Review: BTI u-Link/uLink Accessory Adapter for iPod nano | iLounge

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Company: Battery Technology Incorporated

Website: www.BatteryTech.com

Model: uLink for iPod nano

Price: $20

Compatible: iPod nano

Made for iPod-badged

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BTI u-Link/uLink Accessory Adapter for iPod nano

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By Jeremy Horwitz

Editor-in-Chief, iLounge ()
Published: Thursday, February 9, 2006
Category: Adapters + Cables - Home / Office, Dock Connector - Power / Data

Pros: A simple, affordable adapter that enables you to connect virtually any top-mounting 3G/4G/mini iPod accessory to the bottom of your iPod nano, providing the same power and iPod interactivity you’d get with earlier iPods. Comes in two different colors to match white and black nanos.

Cons: Accessories are mounted backwards on nano and accessory ports are on the very tight side, both detracting a bit from otherwise solid execution; the few accessories that have problems with u-Link will largely be attributable to this odd decision. Separately, and through no fault of the adapter, battery drain of old iPod accessories may limit their usefulness with the small nano, and all voice recording accessories remain incompatible because of iPod firmware differences.

When Apple decided to remove its proprietary extended headphone (“Remote”) connector from iPod nanos and 5Gs, several companies talked about releasing “old accessory adapters” - devices that would allow owners of old iPod accessories to keep using them with the newer iPods. At least a couple of major players passed on the idea, but recently BTI and Targus have provided us with actually working adapters. This brief review focuses on BTI’s variously labelled u-Link / uLink ($20) for iPod nano, while a separate review looks at Targus’s 9-Pin to 30-Pin Accessory Adapter (iLounge rating: B/B-).

Both of these products work in the same basic way. They provide one port to plug in an old top-mounting iPod accessory, and a plug that connects to the bottom of a current model iPod. So connected, old accessories such as remote controls, Bluetooth adapters, and FM transmitters are able to draw power from the iPod and perform their normal features. In short, the old accessory behaves pretty much as it should, even though it’s connected to a newer iPod. The only common exceptions to this rule are old voice recorders, which don’t work on new iPods at all because of firmware differences.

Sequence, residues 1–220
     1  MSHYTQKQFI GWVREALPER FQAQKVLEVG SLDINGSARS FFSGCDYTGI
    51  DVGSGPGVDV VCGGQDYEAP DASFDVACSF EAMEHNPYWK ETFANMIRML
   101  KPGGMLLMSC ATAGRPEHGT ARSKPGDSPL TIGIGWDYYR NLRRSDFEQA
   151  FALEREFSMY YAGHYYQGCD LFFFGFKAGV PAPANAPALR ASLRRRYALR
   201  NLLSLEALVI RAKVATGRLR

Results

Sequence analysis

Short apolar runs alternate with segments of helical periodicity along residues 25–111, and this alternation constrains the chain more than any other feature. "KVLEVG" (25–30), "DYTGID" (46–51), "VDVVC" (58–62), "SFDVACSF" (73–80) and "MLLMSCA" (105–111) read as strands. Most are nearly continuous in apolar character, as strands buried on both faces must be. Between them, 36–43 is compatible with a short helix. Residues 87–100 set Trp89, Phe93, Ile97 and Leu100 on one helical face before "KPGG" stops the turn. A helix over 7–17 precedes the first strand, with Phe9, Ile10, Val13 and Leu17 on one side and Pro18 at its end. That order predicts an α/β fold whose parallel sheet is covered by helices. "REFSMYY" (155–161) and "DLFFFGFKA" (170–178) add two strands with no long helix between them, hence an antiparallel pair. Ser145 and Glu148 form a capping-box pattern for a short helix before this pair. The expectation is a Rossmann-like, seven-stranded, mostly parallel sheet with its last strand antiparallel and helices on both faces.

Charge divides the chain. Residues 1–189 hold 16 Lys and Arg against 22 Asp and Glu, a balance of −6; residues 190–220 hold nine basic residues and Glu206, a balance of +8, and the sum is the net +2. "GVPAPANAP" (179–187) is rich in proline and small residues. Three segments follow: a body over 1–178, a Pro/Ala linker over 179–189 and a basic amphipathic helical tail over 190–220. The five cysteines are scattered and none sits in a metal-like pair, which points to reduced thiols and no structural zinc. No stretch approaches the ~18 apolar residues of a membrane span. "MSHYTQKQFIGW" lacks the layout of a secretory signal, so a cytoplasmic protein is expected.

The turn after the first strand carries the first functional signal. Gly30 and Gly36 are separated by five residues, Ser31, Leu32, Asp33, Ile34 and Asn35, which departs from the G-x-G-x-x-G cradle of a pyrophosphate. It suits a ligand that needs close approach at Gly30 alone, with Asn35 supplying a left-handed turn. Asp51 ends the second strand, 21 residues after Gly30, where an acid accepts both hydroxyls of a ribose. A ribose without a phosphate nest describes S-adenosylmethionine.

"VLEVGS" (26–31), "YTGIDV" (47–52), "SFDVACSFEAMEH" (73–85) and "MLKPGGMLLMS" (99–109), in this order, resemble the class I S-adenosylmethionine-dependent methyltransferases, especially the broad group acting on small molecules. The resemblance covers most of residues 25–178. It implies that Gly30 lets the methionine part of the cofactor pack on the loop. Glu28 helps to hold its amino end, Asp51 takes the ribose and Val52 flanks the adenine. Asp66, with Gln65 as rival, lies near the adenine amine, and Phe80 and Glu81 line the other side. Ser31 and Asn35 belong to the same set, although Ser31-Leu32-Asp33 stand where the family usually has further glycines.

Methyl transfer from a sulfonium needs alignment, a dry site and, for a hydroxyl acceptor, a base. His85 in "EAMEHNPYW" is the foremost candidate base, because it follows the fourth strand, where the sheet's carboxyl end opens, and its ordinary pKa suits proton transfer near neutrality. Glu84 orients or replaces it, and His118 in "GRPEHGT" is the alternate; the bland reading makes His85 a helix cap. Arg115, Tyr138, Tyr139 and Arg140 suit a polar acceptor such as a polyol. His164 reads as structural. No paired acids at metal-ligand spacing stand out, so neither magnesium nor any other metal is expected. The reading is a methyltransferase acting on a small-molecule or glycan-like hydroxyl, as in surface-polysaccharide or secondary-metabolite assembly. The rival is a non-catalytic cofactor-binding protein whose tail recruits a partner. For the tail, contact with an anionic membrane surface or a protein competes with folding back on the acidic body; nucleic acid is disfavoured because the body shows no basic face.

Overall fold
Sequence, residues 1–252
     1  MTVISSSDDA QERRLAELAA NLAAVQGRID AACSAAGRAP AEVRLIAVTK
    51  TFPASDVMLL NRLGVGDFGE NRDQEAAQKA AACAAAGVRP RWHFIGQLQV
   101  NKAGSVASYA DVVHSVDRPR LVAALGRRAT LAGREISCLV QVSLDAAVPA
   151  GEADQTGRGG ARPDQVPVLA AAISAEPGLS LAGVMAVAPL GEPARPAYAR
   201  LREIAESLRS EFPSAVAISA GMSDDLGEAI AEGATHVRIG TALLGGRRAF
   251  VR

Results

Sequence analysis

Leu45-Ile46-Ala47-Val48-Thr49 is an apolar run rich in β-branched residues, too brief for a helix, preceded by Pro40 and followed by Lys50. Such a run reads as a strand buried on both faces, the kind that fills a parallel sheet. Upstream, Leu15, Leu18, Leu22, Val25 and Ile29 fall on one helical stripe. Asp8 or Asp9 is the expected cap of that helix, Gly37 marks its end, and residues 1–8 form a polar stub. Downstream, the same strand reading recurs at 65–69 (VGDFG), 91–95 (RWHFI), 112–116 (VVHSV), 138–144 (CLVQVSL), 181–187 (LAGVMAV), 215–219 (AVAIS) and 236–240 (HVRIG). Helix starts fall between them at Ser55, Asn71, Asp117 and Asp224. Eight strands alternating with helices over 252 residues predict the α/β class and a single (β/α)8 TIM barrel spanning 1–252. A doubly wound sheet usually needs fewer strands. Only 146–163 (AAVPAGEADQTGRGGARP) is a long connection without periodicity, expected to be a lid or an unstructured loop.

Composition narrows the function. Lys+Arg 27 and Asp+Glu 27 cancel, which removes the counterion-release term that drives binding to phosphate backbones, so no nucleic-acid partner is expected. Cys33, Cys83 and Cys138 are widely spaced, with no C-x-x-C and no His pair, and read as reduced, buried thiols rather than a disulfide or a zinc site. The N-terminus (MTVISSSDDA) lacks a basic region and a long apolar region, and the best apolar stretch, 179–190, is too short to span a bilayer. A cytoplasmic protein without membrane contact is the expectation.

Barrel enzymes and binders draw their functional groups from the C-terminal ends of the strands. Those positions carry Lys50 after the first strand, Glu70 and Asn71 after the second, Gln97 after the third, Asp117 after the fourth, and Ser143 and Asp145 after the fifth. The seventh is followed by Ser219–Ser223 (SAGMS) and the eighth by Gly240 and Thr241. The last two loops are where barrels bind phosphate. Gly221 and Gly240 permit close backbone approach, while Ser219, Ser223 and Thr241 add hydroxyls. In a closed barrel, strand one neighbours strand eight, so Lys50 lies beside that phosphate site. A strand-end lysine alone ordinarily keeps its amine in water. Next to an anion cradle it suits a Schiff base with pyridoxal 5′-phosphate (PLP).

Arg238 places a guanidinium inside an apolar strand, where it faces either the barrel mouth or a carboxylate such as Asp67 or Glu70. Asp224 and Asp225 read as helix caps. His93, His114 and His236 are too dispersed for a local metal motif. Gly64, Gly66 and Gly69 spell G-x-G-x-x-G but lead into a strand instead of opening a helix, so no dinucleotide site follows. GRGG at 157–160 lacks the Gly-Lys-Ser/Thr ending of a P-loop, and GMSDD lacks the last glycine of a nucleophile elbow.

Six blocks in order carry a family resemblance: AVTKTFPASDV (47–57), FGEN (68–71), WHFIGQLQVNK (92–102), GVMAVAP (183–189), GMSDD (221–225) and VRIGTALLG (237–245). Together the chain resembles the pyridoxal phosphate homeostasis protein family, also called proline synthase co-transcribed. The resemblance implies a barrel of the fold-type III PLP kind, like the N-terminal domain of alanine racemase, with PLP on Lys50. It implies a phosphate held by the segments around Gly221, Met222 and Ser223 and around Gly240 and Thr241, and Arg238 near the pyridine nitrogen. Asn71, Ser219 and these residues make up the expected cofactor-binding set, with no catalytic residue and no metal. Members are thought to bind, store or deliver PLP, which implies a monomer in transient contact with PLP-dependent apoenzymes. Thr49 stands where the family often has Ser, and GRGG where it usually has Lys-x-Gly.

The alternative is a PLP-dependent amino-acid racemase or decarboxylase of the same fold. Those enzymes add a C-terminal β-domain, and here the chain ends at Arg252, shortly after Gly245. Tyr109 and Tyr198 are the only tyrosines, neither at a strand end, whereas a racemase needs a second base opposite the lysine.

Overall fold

Other than the obvious fact that one’s a cable and the other’s a plastic bottom-of-iPod mount, u-Link’s different from the Targus Adapter in five ways. First, it comes in two nano-matching colors - Targus’s white Adapter doesn’t - and second, both of its iPod connectors are initially on the very tight side. Part of this tightness is attributable to a third, bigger electronic difference between u-Link and Targus’s Adapter: it actually connects to both the iPod’s Dock Connector and headphone ports at the same time, and stays firmly locked into both when connected. BTI’s decision to do this has two consequences: on one hand, this is actually a superior way to emulate the old iPod’s connector, allowing users of old FM transmitters and remote controls to hear changes in the iPod’s volume level, a beneficial if not necessary step when you’re using certain old accessories.

But as a fourth difference, this headphone plug also limits u-Link to being used solely with the nano, unlike Targus’s Adapter, which works with both iPods. BTI plans to sell a separate, headphone plug-less version called v-Link for fifth-generation (and possibly other) iPods. And as a fifth difference - one that’s frankly inexplicable to us, and the single biggest detractor from u-Link’s rating - BTI actually mounts your accessories backwards on the nano’s bottom. This won’t matter with most accessories, but users of Griffin’s iTrip (LCD) and the numerous old accessories with front-mounted status lights will find this puzzling, if not worse. By contrast, Targus’s cable forces accessories to dangle, but they needn’t have their front sides facing backwards.

Both BTI and Targus’s devices raise one additional new concern: battery drain. Unlike newer iPod accessories we’ve tested, older ones haven’t necessarily been optimized for the nano’s smaller battery, so those expecting to get iPod- or iPod-mini comparable run times may be disappointed. This isn’t u-Link’s fault, of course, but should be borne in mind before you entirely write off the idea of buying newer, nano-specific accessories.

Overall, u-Link is a good new iPod nano accessory - affordable, useful, and inoffensive-looking; its wide and proper compatibility with past iPod accessories makes it easy to recommend to nano owners. That said, its idiosyncracies - oddly tight ports and backwards accessory mounting, in particular, come across as rushed and sloppy, detracting from the user experience, and for some, its usability. Our guess is that if you need what it offers, you’ll find a way to live with these issues.

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Editors' Note: iLounge only reviews products in "final" form, but many companies now change their offerings - sometimes several times - after our reviews have been published. This iLounge article provides more information on this practice, known as revving.

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